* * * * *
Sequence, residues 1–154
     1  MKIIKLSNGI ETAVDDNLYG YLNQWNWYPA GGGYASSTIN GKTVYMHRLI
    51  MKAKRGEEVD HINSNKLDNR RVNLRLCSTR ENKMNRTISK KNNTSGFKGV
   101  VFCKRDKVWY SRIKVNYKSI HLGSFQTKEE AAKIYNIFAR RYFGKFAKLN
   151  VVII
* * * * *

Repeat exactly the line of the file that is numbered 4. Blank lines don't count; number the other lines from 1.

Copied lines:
   101  VFCKRDKVWY SRIKVNYKSI HLGSFQTKEE AAKIYNIFAR RYFGKFAKLN